Three tips to help your running

running

AUGUST 2015 – Whether you love running, hate running, or love to hate running here are three simple tips to keep you moving.

Before I begin, let’s set the ground rules. Running for fitness, for a sport or just for fun should not be painful. Running is a natural activity. Our bones, muscles, and joints have been designed for running. If running causes you pain or if you stopped running because of pain, odds are there is something wrong.

With a little guidance, most everyone should be able to return to pain free running.  So let’s not just roll out those ITB (iliotibial band syndrome) bands, calves, and hamstrings. Let’s discover what’s wrong and fix it!

1) Cross Train: Okay so this is counter intuitive. I just told you I was going to tell you how to be a better runner, but now I am telling you to do something else. Here’s the deal, when you use the same muscles, in the same way, without variety of movement, tissues break down. This leads to pain, which leads to time away from running or from your sport.

Health & Fitness ReportSo split up your workouts. Weight train some days, swim others and throw in some biking. Just do not do the same thing every day of the week. You don’t work seven days a week, don’t ask your body to run seven.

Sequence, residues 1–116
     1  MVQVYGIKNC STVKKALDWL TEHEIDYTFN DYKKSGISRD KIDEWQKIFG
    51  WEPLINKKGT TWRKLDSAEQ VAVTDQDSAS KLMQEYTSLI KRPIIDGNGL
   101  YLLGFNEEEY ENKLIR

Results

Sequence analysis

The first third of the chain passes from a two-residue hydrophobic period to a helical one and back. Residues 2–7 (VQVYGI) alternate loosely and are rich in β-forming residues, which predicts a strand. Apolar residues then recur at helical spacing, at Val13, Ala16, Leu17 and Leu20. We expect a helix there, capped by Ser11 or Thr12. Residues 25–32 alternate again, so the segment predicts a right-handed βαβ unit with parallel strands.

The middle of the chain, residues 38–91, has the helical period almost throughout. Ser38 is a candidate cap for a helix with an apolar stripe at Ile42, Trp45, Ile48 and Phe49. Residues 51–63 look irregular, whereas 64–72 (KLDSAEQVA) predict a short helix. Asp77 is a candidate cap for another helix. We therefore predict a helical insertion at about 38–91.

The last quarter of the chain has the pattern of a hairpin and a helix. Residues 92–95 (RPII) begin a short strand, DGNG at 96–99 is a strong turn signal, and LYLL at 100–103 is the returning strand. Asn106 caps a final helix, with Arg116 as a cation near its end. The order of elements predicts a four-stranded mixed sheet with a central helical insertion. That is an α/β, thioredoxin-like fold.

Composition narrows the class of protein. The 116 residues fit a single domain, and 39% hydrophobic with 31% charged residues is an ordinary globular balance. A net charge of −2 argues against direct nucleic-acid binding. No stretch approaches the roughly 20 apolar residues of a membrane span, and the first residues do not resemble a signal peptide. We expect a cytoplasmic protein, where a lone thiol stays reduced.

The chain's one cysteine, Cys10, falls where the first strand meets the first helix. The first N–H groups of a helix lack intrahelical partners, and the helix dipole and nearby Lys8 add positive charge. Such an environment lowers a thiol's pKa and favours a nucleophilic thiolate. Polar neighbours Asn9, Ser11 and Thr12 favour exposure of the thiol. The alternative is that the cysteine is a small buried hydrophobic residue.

2)  Improve Single Leg Stability: Here’s a quick test. Stand in front of a mirror. Balance on one leg and slowly squat on that leg. Can you do this without your hip dropping or poking to the side? Can you do this without your knee wobbling (it should stay over your second toe)? If you can’t do this simple task — and many runners can’t — then odds are you are setting yourself up for injury.

Running is the transition of balance from one leg to the other at a high rate of speed. If you cannot control a static single leg squat, then how can you control a quick one over varied terrain? If you have difficulty with this task consider a strengthening class designed for runners or those in running sports like the one offered at CORE Strategies.

3) Sleep and Injury: This one is often overlooked in our busy lives. More and more research reveals the link between decreased sleep and injury. In almost every professional sport you will find trainers encouraging their players to get a full night’s sleep. For most adults seven to nine hours are recommended. For teenagers and young adults sleep is even more important.  So don’t skimp on the sleep.

If you find yourself, your child or someone you know deficient in any one of these three areas, make a change! You’d be surprised at how much adjustments like these can help.

Please don’t run through pain. Pain is a warning sign something is wrong or about to go wrong. Find a physical therapist familiar with a runner’s needs to help you work smarter not harder.

Article by Scott Moreland, DPT. Scott is a physical therapist and movement specialist at CORE Strategies Physical Therapy, Sport Performance & Medical Fitness located in Overland Park.  The CORE team specializes in rehabilitation and performance training for clients of all ages and activity levels.  To learn more about CORE’s sport specific programs visit www.coreptkc.com.  Contact Scott at scott@coreptkc.com.

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